steve fullerPeer review is under constant scrutiny due to its failure to adapt to a more effective model in the digital age. Steve Fuller argues that academic evaluation proceeds much too slowly for the quite simple reason that academics are valued mainly for being productive and not evaluative. It may be the job of publishers to rescue the academic brand – from academia itself — by hiring peer reviewers directly. To ensure quality control in academic knowledge production, peer review may need to be internalised as a regular publishing cost.

Suppose you’re an executive at a transnational academic publishing firm struggling with the problem of getting academics to referee articles for publication. Your starting assumption so far has been that academics should be willing to do this for free because they realize that their credibility relies on their mutual policing practices, aka ‘peer review’. So your policy has been not to pay them anything – or at least not anything substantial (e.g. the 30-day free access to journals that their universities already supply for free).

But the strategy doesn’t seem to work. Academics either refuse to referee outright or they accept the task but then turn in the report well beyond the deadline, as if they know that you have no alternative. And they’re right. Meanwhile academics are increasingly taking refuge in ‘open source’ internet-based platforms that appear to operate with minimal overhead yet profess some measure of peer review. The net result is a haemorrhaging of your core client base. What to do?

The solution is pretty simple, really. Treat peer reviewing as an in-house publishing function, on the model of the R&D division of the modern corporation. The only reason why no one has proposed this is that the ‘lean and mean’ postmodern corporation sheds its R&D division and outsources innovation to universities who, faced with their own crisis of legitimation, gladly do capital’s bidding in a way that saves firms money while making themselves look ‘relevant’.

1280px-MusterarbeitsplatzImage credit: Frederick Taylor’s consultancy applied to practice (Wikimedia, Public Domain)

This postmodern strategy of managing the production of knowledge may well prove a ‘win-win’ strategy for the corporate and academic worlds in our neo-liberal system, but it cannot be generalised to the evaluation of knowledge. Neo-liberalism depends on clear market signals, not least in the knowledge market. Not only must these signals be reliable but they must also match the pulse of the market. From this standpoint, academic evaluation proceeds much too slowly for the quite simple reason that academics are valued mainly for being productive and not evaluative.

You cannot get a professorship simply on the basis of vast connoisseurship of the scientific literature, which enables you to spot frauds, fallacies, prospects and brilliance at a glance. People who spend more time reading than writing tend not to meet the threshold of chair-worthiness. Nevertheless, it is precisely such people who uphold the distinctiveness of the ‘academic’ brand of knowledge production. In that case, it may be the job of publishers to rescue the academic brand – from academia itself — by hiring these people on a part- or full-time basis. In strict economic terms, to ensure quality control in academic knowledge production, peer review may need to be internalised as a regular publishing cost.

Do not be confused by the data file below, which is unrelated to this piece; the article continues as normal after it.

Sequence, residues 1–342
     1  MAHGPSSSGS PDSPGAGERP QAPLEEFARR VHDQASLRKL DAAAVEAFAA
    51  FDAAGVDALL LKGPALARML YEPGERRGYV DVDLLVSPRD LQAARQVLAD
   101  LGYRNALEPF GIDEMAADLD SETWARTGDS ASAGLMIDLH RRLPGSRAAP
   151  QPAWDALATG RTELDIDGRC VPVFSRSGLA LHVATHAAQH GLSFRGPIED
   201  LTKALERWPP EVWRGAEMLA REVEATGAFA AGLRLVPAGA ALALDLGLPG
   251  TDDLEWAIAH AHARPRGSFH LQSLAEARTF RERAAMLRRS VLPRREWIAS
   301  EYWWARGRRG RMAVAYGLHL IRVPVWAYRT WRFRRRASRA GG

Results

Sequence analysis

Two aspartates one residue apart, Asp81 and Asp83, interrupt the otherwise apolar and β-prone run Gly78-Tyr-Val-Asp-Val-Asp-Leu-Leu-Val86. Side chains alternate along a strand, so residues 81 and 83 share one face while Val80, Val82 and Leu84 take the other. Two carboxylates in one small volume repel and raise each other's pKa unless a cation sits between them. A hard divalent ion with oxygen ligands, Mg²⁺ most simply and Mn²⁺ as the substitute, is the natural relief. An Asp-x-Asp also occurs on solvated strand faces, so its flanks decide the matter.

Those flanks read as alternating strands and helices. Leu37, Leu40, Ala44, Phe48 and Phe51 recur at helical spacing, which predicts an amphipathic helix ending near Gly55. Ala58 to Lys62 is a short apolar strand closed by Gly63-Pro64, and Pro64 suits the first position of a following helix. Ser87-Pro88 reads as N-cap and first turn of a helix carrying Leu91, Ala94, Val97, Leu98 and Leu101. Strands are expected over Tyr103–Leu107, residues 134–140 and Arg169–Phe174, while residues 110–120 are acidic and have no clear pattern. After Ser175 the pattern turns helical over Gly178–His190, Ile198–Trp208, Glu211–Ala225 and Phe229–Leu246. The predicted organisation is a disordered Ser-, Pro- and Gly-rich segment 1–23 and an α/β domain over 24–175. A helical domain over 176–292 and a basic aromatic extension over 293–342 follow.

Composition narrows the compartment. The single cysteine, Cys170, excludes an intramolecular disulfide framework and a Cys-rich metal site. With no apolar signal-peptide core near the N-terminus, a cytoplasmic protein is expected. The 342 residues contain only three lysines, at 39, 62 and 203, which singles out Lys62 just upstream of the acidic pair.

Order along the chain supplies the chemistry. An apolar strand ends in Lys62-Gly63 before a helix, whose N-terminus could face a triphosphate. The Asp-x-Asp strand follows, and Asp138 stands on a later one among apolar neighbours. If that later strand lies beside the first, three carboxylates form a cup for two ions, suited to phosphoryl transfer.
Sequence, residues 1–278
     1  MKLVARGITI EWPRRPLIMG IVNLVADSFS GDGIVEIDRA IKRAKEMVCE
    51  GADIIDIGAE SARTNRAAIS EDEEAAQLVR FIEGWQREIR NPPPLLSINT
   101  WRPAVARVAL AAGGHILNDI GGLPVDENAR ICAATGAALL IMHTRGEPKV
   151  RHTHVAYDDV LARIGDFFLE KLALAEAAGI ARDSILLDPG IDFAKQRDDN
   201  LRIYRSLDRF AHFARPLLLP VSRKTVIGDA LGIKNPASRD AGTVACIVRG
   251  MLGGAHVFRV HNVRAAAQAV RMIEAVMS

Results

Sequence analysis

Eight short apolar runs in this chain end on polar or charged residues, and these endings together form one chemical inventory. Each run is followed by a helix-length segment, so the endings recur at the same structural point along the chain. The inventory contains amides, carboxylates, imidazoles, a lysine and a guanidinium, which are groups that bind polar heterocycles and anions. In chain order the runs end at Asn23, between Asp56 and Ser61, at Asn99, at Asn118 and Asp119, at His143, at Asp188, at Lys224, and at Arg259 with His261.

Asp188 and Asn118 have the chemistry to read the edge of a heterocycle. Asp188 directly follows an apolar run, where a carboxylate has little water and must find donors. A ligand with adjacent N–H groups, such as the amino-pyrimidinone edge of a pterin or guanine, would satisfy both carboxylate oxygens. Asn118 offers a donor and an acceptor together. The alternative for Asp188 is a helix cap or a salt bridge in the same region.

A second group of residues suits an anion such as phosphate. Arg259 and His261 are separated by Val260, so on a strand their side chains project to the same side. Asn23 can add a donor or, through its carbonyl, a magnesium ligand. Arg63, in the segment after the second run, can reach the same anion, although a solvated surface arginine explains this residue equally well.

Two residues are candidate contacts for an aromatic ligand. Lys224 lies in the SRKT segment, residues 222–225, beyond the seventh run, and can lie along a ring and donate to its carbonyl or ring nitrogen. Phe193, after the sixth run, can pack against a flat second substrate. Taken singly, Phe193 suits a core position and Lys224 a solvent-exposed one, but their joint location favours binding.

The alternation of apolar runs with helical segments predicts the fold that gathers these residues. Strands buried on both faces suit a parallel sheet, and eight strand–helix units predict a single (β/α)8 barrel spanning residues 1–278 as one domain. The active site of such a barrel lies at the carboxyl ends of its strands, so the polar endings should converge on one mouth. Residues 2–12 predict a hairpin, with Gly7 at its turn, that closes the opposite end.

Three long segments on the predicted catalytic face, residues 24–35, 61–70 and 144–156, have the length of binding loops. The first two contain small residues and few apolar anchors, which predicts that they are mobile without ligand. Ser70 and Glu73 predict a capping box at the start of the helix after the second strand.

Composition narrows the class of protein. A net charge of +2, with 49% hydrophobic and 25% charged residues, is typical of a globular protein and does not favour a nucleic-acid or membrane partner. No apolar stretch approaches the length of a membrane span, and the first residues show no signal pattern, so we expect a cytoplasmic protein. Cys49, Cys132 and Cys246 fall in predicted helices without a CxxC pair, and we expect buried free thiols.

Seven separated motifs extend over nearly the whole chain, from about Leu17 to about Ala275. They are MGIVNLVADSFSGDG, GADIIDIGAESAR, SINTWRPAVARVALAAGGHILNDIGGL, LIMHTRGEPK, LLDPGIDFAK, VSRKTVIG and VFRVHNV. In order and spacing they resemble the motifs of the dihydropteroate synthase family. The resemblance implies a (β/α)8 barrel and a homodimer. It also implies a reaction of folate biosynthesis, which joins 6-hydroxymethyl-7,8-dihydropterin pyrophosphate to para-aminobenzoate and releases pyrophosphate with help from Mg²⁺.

It would be hard to see how universities could object to this policy, as they provide little if any incentive for academics to become involved in the evaluation of their peers’ work. From a neo-liberal perspective, the development would be easily explained. It simply marks a segmentation of the knowledge market: On the one hand, universities appear ill-equipped to support activities surrounding research evaluation; on the other, academic publishers have an interest in promoting the value of academic research. A match made in heaven, right?

If this scenario comes to pass – which is entirely possible – it will be because academia has failed to play its hand properly in the neo-liberal game. Neo-liberal policy makers already know that much truly innovative knowledge isn’t – and never has been — produced in universities. Nevertheless, they have usually expected universities to provide the testing ground or selection mechanism for these various ideas and schemes, to see which merit more widespread distribution. But if universities fail to step up to the plate, perhaps because they overestimate the value of sheer knowledge production, then it is only reasonable that publishers – whose own viability is directly affected by problems in academic quality control – take matters into their own hands and encourage universities to outsource their evaluative functions to them. In any case, a market should be created for knowledge connoisseurs, and in today’s world publishers are in the best position to do it.

Note: This article gives the views of the authors, and not the position of the Impact of Social Science blog, nor of the London School of Economics. Please review our Comments Policy if you have any concerns on posting a comment below.

About the Author

Steve Fuller (@profstevefuller) holds the Auguste Comte Chair in Social Epistemology at the University of Warwick. He is the author of Knowledge: The Philosophical Quest in History (Routledge). His homepage can be found here

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